I spend a lot of time on this blog talking about specific technology companies that could take off and add some real beef to your financial portfolio (or warn you about tech stocks that could cut into your market gains).
What I'd like to do more is to discuss countries where the opportunity to make a buck through good technology plays is on the rise. By that I don't mean established bourses like the U.S. - I'd like to focus on smaller, more developing economies that are leaning on technology to grow their economies.
Take South Korea, for example. It's rise from a poverty stricken, agrarian economy to a robust, tech-driven economy has turned the country around. In 20 years or so, South Korea has turned from one of the poorest countries in the world to one of the wealthiest. And it looks to be even stronger in future years thanks to a commitment to developing technology companies like Samsung, Nokia and LG, and a burgeoning interest in using technology to grow an increasingly "green" economy over the next 40 years.
The South Korean market is a natural for tech investors. Consider the following statistics from Tech Ticker:
-- Over 90% of Korean households have Internet access and more than 30% have broadband, both figures among the world's highest.
-- Over 80% of Korean households have mobile phones, with local giants Samsung and LG dominating the industry, thanks to some high barriers to foreign competition.
-- South Korea has 17.8% of the world's semiconductor capacity and almost 50% of DRAM market share, led by Samsung and Hynix.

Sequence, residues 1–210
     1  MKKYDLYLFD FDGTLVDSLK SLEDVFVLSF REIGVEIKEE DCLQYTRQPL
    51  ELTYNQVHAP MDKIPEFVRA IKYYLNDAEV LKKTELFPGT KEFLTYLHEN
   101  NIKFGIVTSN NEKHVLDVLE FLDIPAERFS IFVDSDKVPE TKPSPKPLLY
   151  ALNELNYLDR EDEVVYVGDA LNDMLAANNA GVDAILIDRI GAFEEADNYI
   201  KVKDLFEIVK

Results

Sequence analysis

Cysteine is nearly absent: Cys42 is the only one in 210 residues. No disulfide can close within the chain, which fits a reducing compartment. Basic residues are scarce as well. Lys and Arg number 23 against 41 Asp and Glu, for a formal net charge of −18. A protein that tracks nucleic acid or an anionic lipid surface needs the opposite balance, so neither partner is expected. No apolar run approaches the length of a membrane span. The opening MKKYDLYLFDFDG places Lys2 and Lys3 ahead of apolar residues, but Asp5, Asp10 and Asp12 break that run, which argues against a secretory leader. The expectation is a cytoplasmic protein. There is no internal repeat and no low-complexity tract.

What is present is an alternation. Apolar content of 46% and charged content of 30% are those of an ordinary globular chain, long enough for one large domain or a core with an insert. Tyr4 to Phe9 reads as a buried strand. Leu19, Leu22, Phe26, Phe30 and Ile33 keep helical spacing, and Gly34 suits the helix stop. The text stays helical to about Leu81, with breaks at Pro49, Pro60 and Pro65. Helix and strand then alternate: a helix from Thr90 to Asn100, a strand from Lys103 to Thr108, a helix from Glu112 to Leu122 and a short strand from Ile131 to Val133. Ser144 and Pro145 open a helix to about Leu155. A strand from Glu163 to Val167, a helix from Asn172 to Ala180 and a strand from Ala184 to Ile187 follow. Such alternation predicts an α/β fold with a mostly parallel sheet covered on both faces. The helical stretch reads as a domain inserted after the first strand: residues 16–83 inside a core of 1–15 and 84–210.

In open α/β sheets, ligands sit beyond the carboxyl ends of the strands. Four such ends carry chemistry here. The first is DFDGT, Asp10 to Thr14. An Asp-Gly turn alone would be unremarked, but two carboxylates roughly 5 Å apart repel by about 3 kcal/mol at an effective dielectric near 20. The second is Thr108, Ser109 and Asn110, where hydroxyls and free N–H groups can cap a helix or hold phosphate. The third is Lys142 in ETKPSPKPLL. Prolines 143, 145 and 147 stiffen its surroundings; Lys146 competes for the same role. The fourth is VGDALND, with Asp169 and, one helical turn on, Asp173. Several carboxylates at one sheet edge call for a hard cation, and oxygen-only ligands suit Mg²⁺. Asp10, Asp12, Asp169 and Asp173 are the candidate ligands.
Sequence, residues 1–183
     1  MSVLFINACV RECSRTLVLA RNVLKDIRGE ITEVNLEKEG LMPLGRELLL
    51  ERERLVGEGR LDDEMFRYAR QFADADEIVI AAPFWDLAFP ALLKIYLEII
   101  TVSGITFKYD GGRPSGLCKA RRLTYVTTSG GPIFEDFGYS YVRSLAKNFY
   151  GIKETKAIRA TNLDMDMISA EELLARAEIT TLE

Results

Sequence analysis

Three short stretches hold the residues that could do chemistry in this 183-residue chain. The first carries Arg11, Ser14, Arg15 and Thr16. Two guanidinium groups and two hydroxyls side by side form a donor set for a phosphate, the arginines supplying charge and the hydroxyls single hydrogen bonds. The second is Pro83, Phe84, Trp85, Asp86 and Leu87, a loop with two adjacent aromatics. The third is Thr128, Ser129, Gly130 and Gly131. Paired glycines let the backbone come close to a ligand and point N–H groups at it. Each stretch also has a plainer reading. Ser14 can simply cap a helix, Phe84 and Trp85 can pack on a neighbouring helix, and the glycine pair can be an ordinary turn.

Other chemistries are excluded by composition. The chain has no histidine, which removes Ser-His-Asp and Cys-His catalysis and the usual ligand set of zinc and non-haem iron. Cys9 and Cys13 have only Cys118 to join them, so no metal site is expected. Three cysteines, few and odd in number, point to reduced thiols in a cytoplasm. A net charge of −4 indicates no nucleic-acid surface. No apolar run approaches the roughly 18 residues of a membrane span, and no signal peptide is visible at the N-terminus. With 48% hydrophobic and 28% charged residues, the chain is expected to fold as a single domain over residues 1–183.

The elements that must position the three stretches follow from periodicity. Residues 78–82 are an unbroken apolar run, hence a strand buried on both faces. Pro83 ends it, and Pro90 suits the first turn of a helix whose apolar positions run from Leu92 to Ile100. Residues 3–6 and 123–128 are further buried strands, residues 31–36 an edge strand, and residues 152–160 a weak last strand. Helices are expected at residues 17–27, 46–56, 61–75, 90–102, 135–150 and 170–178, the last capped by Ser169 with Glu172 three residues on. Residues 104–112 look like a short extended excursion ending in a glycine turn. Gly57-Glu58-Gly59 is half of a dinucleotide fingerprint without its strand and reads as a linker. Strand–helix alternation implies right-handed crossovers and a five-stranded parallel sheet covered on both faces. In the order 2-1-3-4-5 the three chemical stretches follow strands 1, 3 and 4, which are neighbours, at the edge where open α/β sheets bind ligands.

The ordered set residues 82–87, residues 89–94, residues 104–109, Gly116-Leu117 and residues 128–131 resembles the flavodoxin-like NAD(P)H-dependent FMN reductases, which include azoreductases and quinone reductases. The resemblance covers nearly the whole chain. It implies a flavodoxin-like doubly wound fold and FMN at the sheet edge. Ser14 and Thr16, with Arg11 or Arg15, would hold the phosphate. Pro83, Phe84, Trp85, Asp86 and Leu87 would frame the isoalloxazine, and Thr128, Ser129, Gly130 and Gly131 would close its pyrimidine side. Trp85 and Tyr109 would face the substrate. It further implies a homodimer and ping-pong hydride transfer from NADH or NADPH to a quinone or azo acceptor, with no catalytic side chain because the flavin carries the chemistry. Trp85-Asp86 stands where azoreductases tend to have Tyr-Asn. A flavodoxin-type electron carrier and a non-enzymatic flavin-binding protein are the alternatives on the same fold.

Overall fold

In an interview this weekend on Tech Ticker with South Korean President Myung-bak Lee, which I did my best to accurately transcribe, Lee says the emphasis on technology in South Korea was no accident - that it's been the engine of economic growth there. Better yet, tech can do the same for Lee's vision of a "green" South Korean economy.
"My vision for the future of Korea is that we will take a lead and become an early mover in this endeavor to protect the global environment and to prepare ourselves for climate change, and I think we have no choice but to do so," Lee says.
Some other highlights from the interview:
-- "If you look at our agrarian economy over the past decades we had no growth to speak of. But we have, in recent years, decided to embrace a policy of developing our technology industry. We needed adaptability: the government and our people. Now we are one of the leading companies in information technology. It’s a good fit for South Korea: a strong business base and a good environment for growing technology companies."
-- (On creating more Samsungs and Nokia's) "I recognize that some people criticize the South Korean economy and want it to be more open. But the rate and speed at which we are opening now makes us one of the fastest economies in the world. In my term of office, I’ll be doing more of that."
-- (On South Korea becoming a “green” technology economy) "Korea was an early participant in the information era, and we will be, too, with green technologies and an early move to protect the global economy and protect the world from climate change. We don’t have a choice. If you look deep down inside if we prepared for climate change we can prepare ourselves for growth, just like we did in the information era. We also want to use our technology base to grow not only our own economy in a climate-changing world, but help other developing countries do so, as well."
South Korea has hit a bump, like most world economies in 2008. But Lee has a strong story to tell, and it's one tech investors should be paying attention to.